Updated May 17.
On April 23, Château Palmer decided it was time to kick off Bordeaux's 2017 en primeur sales campaign. The prominent Margaux estate released its wine ahead of the pack—a rarity, as Bordeaux's top châteaus often wait to see how other wineries position themselves before wading into the fray. In addition, the Margaux third-growth released the first tranche at 20 percent below its 2016 release price.
Bordeaux watchers are wondering what the top estates will do in a challenging year for sales. Will they release the wines quickly and cut prices significantly, in a bid to interest consumers in a vintage that is not as eagerly anticipated as the previous two? Or will they move slowly? And will they keep prices high, assuming that even if consumers decline to buy the wines now, they'll buy them down the road on release?
The 2017 vintage should yield many excellent wines, but it is by no means in the league of 2015 and 2016. Conspiring against prices are the fact that volumes are low: Following a devastating April frost, Bordeaux's 2017 crop is 40 percent smaller than 2016's. To make things worse for American consumers, the current exchange rate is less attractive than during last year's campaign.
My report on the vintage includes ratings for over 250 wines, all based on blind tastings. (a href="http://www.winespectator.com/display/show?id=about-our-tastings">Learn more about Wine Spectator's tasting methodology.) Overall, the reds are fresh and pure, built on bright acidity rather than tannins, providing charming wines that will drink well in the near to mid-term. Dry whites are superb, and the sweet wines of Sauternes and Barsac are outstanding. But consumers will need to pick carefully, as a gray and dry summer resulted in a heterogeneous collection of wines that lack the punch and drive of great years.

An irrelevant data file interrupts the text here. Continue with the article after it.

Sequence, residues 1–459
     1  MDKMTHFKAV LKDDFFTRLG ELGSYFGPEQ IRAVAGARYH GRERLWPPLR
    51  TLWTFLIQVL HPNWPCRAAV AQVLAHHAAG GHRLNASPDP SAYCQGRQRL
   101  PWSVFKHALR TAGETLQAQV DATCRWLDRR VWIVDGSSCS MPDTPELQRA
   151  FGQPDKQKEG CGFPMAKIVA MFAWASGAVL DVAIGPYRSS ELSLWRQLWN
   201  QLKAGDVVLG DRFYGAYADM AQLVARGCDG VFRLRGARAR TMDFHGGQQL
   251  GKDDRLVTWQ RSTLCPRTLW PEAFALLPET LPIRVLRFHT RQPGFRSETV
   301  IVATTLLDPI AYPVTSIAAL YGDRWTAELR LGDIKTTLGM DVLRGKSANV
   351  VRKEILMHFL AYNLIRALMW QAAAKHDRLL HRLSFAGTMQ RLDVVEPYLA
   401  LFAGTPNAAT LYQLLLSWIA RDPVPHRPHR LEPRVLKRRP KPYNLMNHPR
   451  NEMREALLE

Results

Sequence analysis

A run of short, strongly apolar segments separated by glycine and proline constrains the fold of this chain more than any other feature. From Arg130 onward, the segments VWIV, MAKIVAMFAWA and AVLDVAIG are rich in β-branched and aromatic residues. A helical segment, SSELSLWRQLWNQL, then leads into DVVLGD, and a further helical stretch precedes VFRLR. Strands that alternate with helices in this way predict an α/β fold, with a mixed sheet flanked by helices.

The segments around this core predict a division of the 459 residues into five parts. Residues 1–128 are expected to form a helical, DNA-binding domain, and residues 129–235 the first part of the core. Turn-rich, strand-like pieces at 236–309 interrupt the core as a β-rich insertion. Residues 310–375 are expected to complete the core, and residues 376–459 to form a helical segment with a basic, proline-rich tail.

Below you'll find regular updates and analysis on the campaign, with prices given both ex-négoce, which means before importers and retailers add markup, and average retail price, which is compiled from Wine Spectator's tracking of leading U.S. retailers. It's what you can expect to pay. Prices for the 2017s are listed besides the current prevailing retail price for 2015s, so you can gauge where the wines are vis-à-vis the most recently bottled vintage now on retail shelves.
For more on the 2017 Bordeaux vintage, watch for my full report in the upcoming July 31 issue of Wine Spectator.
Bordeaux came back from a week off, but no tidal wave of futures releases hit the market. Some notable châteaus did announce prices, offering hints about what consumers can expect this year.
Most wineries have been reducing prices, with decreases ranging from 6 to 22 percent. But because of the weak dollar ($1:1.23 euros today), the cuts must surpass 10 percent to make a significant impact on U.S. prices. The appeal of the 2017s also depends heavily on the wine: Some producers are offering good value for a less-than-perfect vintage; others are offering slim price cuts on wines that don’t measure up to 2016. Buyer be smart.
Château Clinet released its first tranche today. The 2017 (92-95 points) has been released at 56 euros per bottle, ex-négociant, a 22.2 percent decrease on the 2016 price. It’s at leading retailers for about $80 a bottle, or $960 per case. That’s 20 percent less than the 2016 hit the market at, and well under the current $157 retail price of the 2015. This could be a good value for fans of Pomerol.